10 justice system and limited educational attainment (Osher, Woodruff, and Sims, 2002; Scherr, 2007; Osher, Morrison, and Bailey, 2003). Such school experiences are particularly unfortunate because these children and youth need settings that develop and/or support their resiliency (Hart et al., 2007; Kendziora and Osher, 2004). At their worst, schools and classrooms contribute to negative outcomes, which children and youth in the child welfare and juvenile justice systems are already at risk of experiencing. For example, poorly managed schools are risk-prone contexts where children and youth with behavioral problems experience punitive reactions from teachers and peers, where antisocial behavior is reinforced by inappropriate school responses, and where students at risk for behavioral problems can get caught up in a self-sustaining cycle of classroom disruption and negative consequences (Dumas et al., 1999; Reid and Eddy, 1997). This cycle includes academic failure, because teachers ignore or are unable to address the academic needs of students with behavioral problems, and school disorder, because students react to poor conditions for learning with higher levels of negative risk-taking behavior and disengagement from school (Osher, Dwyer, and Jimerson, 2006). This feeling can be heightened in correctional education settings, where students may encounter poor relationships among racial and ethnic groups within the facility, reactive and punitive approaches on the part of institutional staff (e.g., the use of physical restraints), a lack of positive behavioral supports, and poorly treated mental health disorders (Osher, Sidana, and Kelly, 2008). True Collaboration as a Solution The incapacity of systems to address the educational barriers that these children and youth face reflects the fact that each system may be overwhelmed by the unmet needs of the students (Sebring et al., 2006; Kendziora and Osher, 2009). Further, agencies working with crossover youth often find that their needs challenge the structures, policies, and capacities that currently exist in each individual system. As such, even though these children and youth require more coordination than others (Osher and Osher, 1996), the mobility of students encourages finger pointing and discourages implementing relevant programming across multiple settings (Spain and Waugh, 2005). However, it is vital that all systems (child welfare, juvenile justice, education, and mental health) work together to ensure that the needs of these children and youth are comprehensively addressed. Not doing so is costly for children and youth, families, and the communities in which they reside. A lack of integrated services can create a number of negative outcomes, even though such outcomes may be unintended. For example, students involved in the child welfare and juvenile justice systems often are hidden from the public educational systems because they may not be enrolled in local district schools. As a result, the responsibility for these students education becomes diffused or ignored and the students academic outcomes are no longer a priority. Further, agencies often inefficiently duplicate or fragment services (Knitzer, Steinberg, and Fleisch, 1990; McInerney, Kane, and Pelavin, 1992; U.S. Department of Education, 1994; Gardner, 1990). Duplication occurs when different agencies intentionally guard turf (Swan and Morgan, 1992) or unintentionally provide similar services. This waste of resources increases the burden to the child and family (e.g., undergoing duplicate academic assessments) and may undercut the potency of particular interventions (e.g., when different approaches to counseling cancel each other out). Fragmentation occurs when children and youth require services and supports across multiple domains or, as they develop, across multiple points of time. Because the services provided by different agencies are specialized and delimited, students and their families may fall between the cracks of mandates, protocols, and catchment areas. Fragmentation challenges families who must navigate between and among different agencies and disciplines, each of which has its own language, definitions, and procedures. As the authors of the following paper explore, to prevent duplication, fragmentation, and the diffusion of responsibility, some jurisdictions around the country have used cross-systems work groups to bring child welfare, juvenile justice, and education agencies together to facilitate coordination. Also, education liaisons have been created to act as a facilitator among systems to advocate 2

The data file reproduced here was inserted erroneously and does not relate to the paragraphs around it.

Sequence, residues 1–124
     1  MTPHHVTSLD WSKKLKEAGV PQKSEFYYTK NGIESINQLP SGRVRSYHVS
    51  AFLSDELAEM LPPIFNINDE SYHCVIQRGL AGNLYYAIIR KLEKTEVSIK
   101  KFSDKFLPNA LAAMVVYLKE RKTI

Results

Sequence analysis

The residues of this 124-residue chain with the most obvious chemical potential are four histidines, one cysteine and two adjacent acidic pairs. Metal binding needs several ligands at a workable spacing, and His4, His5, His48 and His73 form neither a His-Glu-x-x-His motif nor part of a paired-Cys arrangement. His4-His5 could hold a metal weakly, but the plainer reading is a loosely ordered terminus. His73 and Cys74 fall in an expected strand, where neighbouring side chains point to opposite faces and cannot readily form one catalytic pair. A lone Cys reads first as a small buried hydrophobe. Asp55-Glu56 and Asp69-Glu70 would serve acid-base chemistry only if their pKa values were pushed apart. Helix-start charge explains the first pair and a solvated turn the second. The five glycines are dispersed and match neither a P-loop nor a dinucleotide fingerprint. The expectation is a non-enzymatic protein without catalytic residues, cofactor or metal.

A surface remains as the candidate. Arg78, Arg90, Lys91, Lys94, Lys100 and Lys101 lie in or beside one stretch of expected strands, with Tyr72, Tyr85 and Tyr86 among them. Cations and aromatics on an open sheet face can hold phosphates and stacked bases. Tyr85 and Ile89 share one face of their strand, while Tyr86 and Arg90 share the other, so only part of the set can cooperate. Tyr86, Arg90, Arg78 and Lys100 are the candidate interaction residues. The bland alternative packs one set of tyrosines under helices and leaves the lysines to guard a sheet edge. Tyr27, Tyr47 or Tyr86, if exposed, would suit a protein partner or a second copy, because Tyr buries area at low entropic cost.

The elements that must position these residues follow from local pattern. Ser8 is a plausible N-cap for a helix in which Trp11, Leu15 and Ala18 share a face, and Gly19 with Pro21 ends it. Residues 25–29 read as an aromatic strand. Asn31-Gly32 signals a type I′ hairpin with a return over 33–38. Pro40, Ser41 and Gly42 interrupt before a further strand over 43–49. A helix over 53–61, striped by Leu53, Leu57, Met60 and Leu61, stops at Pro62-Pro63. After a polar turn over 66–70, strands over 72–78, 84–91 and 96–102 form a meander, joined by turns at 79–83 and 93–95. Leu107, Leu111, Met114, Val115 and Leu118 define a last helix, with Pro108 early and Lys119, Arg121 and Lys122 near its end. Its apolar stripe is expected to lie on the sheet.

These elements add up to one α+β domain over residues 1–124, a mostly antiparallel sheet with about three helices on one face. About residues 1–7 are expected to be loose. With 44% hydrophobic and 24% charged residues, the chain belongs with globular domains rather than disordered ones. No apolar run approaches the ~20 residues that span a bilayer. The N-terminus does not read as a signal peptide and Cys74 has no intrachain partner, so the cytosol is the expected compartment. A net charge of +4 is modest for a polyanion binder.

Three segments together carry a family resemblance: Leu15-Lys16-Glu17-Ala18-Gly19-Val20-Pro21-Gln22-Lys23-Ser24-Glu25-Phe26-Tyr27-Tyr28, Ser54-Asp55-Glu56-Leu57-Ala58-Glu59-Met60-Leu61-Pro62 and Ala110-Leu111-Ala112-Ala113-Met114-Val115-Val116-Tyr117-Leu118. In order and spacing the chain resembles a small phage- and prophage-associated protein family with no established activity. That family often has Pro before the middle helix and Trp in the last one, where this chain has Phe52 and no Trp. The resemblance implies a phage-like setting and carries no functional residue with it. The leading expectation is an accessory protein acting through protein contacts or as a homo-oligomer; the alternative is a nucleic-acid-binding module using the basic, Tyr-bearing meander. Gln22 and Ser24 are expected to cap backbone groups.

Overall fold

11 for the educational needs of the children and youth and to ensure monitoring of their educational progress. The paper discusses these initiatives, among others, and gives the reader a clear sense of what needs to be done to address the challenges that these students face. Of particular importance are the six principles the authors identify that should drive education reform for these children and youth:!"early education is essential.!"quality education services are critical for successful development of all youth.!"if outcomes matter, they must be measured.!"support services are needed to help some youth succeed.!"interagency collaboration and communication is vital.!"change requires within-agency and cross-agency leadership. Drs. Leone and Weinberg expand on these principles by detailing what a system that abides by them would look like. As noted by Parrish et al. (2003), the responsibility for educating these children and youth and being accountable for their outcomes needs to be obvious to all staff and families assisting a student there should be no hesitation when the question of Who is responsible? is asked, just as there would be no hesitation for a nonsystem-involved student. Everyone responsible for the well-being of a child is inherently responsible for his or her academic achievement. If a student is not progressing academically, the systems with which the student is involved should have access to data to recognize the problem and have support services available to remedy the situation. Again, for this to occur, the systems serving the child must collaborate. We suggest that this paper be viewed through this collaborative lens. Indeed, as agencies contemplate true collaboration, they must determine which stage of collaboration (Frey et al., 2006; Hogue, 1993) they are currently operating under and their readiness for such partnerships. An agency s ability to enter into a productive partnership will vary and be dependent on the political will operating within the agency and the willingness of leadership and staff to change practices. If they are ready, their efforts must be strategic and thoughtful collaboration for the sake of collaboration is useless. Efforts must focus on the things we know are effective for improving education and outcomes for children and youth. Those involved in the collaborative process need to know what true collaboration should look like and be able to recognize pieces of collaboration that may be already working and can be expanded. If potential partners are operating in silos and the agency leadership and staff have inconsequential knowledge of one another s organization, we can say that the agencies are operating at the co-existing stage of collaboration. If the union of the agencies has progressed to the communication stage, staff and leadership across the agencies will have an understanding of one another s mission even though no formal partnering is occurring. For example, a student s case plans will not be integrated or logically supportive of the needs of the child and family. Communication between agency staff may exist, although it is typically promoted by action of the courts and may not be voluntary in nature and design. Further, the number of children and youth in placement often increases when agencies are operating at the co-existing and communication stages because of the lack of information sharing and integration of services. Agencies that have moved beyond the communication stage of collaboration are usually operating at the cooperation and coordination stages. At these stages, agencies are often partnering more substantially, and the dialogue has moved beyond exchanging mission statements and a student s service plans. Much of the conversation pertaining to collaboration is likely occurring at the policymaker or agency-head level, and policies may begin to reflect practices that allow a quick and easy exchange of records. As the agencies move into the coordination stage, agency staff should begin promoting, hosting, and attending cross-agency training and staff development activities; shared decision-making should be occurring on the best way to meet the needs of young people; communication among policymakers should be routine; and case managers, front-line staff, and agencies should be addressing the needs of most children and youth in the community with complementary universal interventions and strategies. 3